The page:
Context. Context is all that matters.
Where did the n3:n6 ratio myth start? Does anyone really think that matters? It is no surprise people with better n3:n6 are healthier, but it isn't because of the ratio. Clearly, it is far easier to get n6 into the modern diet, so people with better n3:n6 ratios simply have a much lower intake of polyunsaturated fat. THAT is the true causative relationship, here. A higher n3:n6 ratio simply correlates with a lower overall intake of PUFA, but it is the low PUFA intake that is causative, not the ratio. This is an important article to read because it so amazingly accurate:
Fats and Oils: The importance of temperature
The melting and freezing points of fats play a major role in the human body. Saturated and monounsaturated fats are stable at 98.6 degrees F. Polyunsaturated fats are not. Polyunsatured fats maintain their liquid form at negative degrees. Consider that putting arachidonic acid inside the human body puts it something like 150 degrees ABOVE its melting point. Consider that putting coconut oil inside the body is only putting it around 10 degrees above its melting point. Consider placing your hand inside a pot of boiling water and the damage it would do to your hand, and that's only at 115 degrees above your body temperature. The human body temperature is extremely hot compared to polyunsaturated fat - hotter than your hand in boiling water. Context is everything.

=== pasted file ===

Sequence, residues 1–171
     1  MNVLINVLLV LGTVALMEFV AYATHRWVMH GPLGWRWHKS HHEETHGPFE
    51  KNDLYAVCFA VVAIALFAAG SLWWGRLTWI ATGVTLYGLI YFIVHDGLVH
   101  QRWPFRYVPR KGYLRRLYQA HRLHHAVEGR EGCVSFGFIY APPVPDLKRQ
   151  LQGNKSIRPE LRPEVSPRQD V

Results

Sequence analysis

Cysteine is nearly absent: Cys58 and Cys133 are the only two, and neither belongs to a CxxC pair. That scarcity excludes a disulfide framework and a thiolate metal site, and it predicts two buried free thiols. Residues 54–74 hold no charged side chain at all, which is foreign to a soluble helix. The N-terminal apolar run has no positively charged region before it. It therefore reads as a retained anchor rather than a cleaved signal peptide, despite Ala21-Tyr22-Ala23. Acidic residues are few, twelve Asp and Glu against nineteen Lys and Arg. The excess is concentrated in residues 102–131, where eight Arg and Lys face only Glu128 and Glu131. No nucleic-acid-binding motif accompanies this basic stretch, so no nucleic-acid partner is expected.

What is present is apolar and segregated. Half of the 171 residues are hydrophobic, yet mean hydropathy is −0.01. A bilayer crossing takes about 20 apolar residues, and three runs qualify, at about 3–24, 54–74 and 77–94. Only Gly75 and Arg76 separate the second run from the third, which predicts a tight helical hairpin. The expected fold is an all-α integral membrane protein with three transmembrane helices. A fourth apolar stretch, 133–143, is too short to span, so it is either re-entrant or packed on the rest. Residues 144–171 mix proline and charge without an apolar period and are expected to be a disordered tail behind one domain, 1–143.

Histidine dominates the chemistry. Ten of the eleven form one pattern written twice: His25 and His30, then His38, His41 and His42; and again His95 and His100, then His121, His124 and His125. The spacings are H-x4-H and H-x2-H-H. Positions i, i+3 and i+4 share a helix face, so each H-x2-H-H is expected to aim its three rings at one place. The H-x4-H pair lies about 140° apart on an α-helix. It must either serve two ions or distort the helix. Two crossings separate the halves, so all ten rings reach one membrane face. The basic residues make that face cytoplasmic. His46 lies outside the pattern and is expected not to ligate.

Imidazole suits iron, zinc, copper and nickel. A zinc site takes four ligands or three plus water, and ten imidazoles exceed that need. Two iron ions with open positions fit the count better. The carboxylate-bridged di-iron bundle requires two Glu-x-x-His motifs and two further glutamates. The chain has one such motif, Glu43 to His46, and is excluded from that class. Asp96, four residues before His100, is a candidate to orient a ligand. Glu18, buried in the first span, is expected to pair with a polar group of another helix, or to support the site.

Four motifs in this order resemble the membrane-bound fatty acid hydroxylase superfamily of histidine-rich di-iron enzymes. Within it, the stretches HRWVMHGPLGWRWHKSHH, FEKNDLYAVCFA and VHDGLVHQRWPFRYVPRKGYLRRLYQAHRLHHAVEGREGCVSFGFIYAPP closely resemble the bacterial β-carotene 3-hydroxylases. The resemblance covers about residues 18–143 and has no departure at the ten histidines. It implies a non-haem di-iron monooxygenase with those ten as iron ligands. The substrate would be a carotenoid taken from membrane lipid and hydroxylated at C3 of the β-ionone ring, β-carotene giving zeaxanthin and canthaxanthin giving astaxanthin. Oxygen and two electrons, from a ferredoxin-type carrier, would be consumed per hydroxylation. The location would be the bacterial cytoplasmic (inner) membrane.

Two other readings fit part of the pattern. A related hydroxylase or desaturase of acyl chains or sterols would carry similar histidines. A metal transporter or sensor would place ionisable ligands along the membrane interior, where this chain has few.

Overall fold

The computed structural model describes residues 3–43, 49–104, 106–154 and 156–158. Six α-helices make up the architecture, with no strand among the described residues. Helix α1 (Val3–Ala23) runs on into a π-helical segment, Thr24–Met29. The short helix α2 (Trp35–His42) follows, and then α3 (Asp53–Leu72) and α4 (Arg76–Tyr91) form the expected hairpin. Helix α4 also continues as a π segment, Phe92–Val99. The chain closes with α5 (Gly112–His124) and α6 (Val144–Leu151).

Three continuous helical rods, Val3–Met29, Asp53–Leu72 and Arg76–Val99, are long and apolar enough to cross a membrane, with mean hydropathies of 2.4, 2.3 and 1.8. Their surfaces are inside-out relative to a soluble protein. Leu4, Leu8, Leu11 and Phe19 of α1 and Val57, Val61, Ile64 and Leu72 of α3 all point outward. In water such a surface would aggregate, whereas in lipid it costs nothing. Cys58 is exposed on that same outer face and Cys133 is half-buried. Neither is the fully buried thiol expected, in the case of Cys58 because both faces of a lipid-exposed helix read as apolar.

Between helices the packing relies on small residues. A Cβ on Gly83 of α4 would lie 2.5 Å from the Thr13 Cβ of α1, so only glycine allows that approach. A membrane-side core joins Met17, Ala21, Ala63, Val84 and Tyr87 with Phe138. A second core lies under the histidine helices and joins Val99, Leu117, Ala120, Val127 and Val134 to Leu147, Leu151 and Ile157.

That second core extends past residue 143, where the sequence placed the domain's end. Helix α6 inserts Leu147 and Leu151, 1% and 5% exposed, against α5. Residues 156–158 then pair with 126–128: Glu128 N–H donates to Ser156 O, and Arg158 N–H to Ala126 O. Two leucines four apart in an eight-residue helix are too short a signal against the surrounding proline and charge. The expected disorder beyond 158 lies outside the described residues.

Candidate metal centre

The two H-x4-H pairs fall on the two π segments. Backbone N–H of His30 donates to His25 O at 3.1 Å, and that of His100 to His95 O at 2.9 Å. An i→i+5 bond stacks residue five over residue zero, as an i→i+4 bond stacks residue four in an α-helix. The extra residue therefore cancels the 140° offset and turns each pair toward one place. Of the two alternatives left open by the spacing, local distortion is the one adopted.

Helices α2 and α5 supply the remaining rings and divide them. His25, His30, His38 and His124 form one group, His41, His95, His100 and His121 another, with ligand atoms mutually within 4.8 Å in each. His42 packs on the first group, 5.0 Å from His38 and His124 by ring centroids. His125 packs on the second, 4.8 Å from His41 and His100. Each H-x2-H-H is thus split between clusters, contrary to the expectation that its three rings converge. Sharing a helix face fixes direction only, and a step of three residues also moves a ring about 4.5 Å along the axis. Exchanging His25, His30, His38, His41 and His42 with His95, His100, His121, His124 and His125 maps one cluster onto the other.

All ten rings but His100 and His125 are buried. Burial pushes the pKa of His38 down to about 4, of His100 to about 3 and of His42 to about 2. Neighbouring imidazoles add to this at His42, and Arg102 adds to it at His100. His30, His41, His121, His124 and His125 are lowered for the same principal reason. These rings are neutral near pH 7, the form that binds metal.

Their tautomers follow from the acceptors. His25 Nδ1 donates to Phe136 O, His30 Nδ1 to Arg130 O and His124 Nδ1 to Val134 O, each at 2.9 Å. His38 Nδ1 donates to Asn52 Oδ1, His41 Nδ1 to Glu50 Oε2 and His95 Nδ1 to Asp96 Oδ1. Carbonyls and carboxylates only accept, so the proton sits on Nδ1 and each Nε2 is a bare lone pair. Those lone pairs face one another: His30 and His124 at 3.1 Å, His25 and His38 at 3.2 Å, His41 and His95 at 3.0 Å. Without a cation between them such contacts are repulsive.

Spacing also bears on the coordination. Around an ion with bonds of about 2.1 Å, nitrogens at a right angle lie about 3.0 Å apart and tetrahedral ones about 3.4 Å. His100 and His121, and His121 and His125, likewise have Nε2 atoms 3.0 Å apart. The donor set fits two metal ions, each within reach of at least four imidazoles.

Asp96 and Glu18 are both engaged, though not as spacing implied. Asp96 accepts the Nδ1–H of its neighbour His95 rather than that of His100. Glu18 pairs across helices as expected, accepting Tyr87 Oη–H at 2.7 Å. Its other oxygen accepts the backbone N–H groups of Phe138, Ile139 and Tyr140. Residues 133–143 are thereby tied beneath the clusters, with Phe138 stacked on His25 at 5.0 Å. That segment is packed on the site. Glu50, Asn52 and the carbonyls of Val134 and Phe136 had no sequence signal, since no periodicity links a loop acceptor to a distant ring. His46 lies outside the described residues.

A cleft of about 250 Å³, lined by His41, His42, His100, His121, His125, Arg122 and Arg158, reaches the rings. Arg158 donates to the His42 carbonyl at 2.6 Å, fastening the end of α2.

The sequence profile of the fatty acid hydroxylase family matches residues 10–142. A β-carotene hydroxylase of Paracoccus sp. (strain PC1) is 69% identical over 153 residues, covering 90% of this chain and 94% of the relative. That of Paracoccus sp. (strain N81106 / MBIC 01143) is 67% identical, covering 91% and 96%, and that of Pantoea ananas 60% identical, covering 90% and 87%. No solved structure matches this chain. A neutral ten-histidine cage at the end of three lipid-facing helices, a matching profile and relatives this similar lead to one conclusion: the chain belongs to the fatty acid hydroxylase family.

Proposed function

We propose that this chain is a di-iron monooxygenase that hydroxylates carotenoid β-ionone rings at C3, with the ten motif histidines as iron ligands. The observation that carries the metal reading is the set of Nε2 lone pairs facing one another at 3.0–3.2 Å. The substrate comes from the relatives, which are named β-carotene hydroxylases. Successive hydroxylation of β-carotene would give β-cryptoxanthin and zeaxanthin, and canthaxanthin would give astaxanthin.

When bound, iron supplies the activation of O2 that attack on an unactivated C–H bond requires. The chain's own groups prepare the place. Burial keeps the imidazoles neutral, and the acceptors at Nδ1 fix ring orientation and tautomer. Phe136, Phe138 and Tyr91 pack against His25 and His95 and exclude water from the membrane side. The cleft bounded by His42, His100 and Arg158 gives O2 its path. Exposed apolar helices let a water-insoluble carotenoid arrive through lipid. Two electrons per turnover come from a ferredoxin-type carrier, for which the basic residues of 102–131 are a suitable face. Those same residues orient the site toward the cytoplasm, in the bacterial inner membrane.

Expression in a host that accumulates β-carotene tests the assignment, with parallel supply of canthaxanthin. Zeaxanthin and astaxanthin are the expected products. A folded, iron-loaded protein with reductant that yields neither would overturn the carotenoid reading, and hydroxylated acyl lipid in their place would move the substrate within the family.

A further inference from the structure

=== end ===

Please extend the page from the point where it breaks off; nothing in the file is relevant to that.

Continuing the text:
Now, I'm not saying wild salmon and raw almonds are the same as soybean oil. These foods come loaded with antioxidants and vitamins (specifically Vitamin E) to help your body deal with the oxidation of the PUFA's and stabilize it. I still find beef and lamb far healthier than salmon and almonds, but I don't think they are agents of disease, here. The refined vegetable oils clearly are, though. They are stripped of their protective antioxidants, so they cause major damage in the body. Now, let's understand that EPA and DHA are far LESS STABLE than the ALA-based omega 3's and the omega 6's found in the polyunsatured seed oils because they are much longer-chain fatty acids (more open bonds = more instability). Fish oil is more prone to rancidity than soybean oil, it's refined THE SAME WAY, and we're putting that in our body as a health food? Huh? It's WORSE.
There probably isn't much of a reason to be scared of fresh, raw nuts (save weight gain, allergens and their fattening nature) or fresh, wild salmon, but RUN AWAY from their isolated oils.
Last edited by ChocoTaco369; 11-19-2013 at 09:41 AM.
Don't put your trust in anyone on this forum, including me. You are the key to your own success.